STRAIGHT TO THE ARTISTS
I also had a weird dream that night that all Irish radio stations recognised how difficult it is for Irish musicians at the moment and decided collectively to be supportive and to play Irish music exclusively one day a week and 50% of the time every other day of the week. But that’s just too weird - why would we play music by our own people and champion our own music and culture?
While the future is so uncertain I guess it’s a natural tendency to be nostalgic and to look back while we have the time and that can actually can be a good, healthy thing in some ways. I hook up with old friends and band mates every Friday night for drunken Zoom calls.
Our mate Barry lectured us for not having any evidence of our old band Revelino on the world wide web and kindly offered to build us a band website and out of that grew the idea of remastering our debut album and releasing it on vinyl. We released it in October on John Lennon’s 80th Birthday and it went straight to No 1 in the Irish Indie Charts which was hilarious and brilliant. It really was such a joy and a relief to be part of a small but positive news story during such a horrible time as all five members of the band are still involved in the music business.
I fell in love with the band again and feel a renewed pride about the music we made and the amazing years we shared together. We lived in the back of vans and rehearsal rooms and studios without windows for 16 years so we’re like human cockroaches and we’ll survive this. Our singer Brendan has been sitting on his debut solo album since last year but it will be released in June and is a really brilliant record. I’ve always been a massive fan of Brendan’s songwriting and the first single 'Old Man Superman' is an amazing song which was inspired by the incredible story of the Skilled Veteran Corps in Japan. It’s a song for the time we’re living through.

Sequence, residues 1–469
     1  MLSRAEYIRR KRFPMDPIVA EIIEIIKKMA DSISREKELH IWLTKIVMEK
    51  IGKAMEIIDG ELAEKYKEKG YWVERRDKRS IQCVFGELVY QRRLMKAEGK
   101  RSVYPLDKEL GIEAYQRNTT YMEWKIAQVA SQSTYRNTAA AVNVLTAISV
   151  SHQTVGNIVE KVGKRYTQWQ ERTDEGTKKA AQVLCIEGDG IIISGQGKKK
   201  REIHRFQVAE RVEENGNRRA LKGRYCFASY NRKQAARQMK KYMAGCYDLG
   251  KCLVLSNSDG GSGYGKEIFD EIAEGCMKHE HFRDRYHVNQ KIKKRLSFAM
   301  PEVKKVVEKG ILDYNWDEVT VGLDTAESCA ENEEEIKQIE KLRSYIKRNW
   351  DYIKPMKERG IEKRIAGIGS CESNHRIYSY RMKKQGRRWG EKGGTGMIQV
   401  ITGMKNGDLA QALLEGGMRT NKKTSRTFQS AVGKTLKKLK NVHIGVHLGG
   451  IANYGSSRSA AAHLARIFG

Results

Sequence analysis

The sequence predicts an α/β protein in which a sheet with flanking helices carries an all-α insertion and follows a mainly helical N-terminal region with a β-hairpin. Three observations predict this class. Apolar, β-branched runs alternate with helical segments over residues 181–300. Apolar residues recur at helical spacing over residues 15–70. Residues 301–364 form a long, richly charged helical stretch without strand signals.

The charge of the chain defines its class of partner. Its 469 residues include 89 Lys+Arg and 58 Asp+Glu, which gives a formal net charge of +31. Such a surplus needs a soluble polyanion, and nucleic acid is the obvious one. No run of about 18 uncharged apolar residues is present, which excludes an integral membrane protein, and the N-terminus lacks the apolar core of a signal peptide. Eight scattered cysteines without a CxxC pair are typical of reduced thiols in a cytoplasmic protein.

On a more serious note, I think many of us realise that working in this business is a privilege really – the long-running joke in the industry is that ‘It beats work!’ but Patrick Freyne summed it up perfectly in his wonderful book Ok Let’s Do Your Stupid Idea when he said that when he was in a band he “worked hard, harder than our friends who had real jobs”. It can be exhausting and I realise that I was a bit burned out and jaded but I’ve obviously had a lot of (unwanted) down time to refocus and recharge my batteries.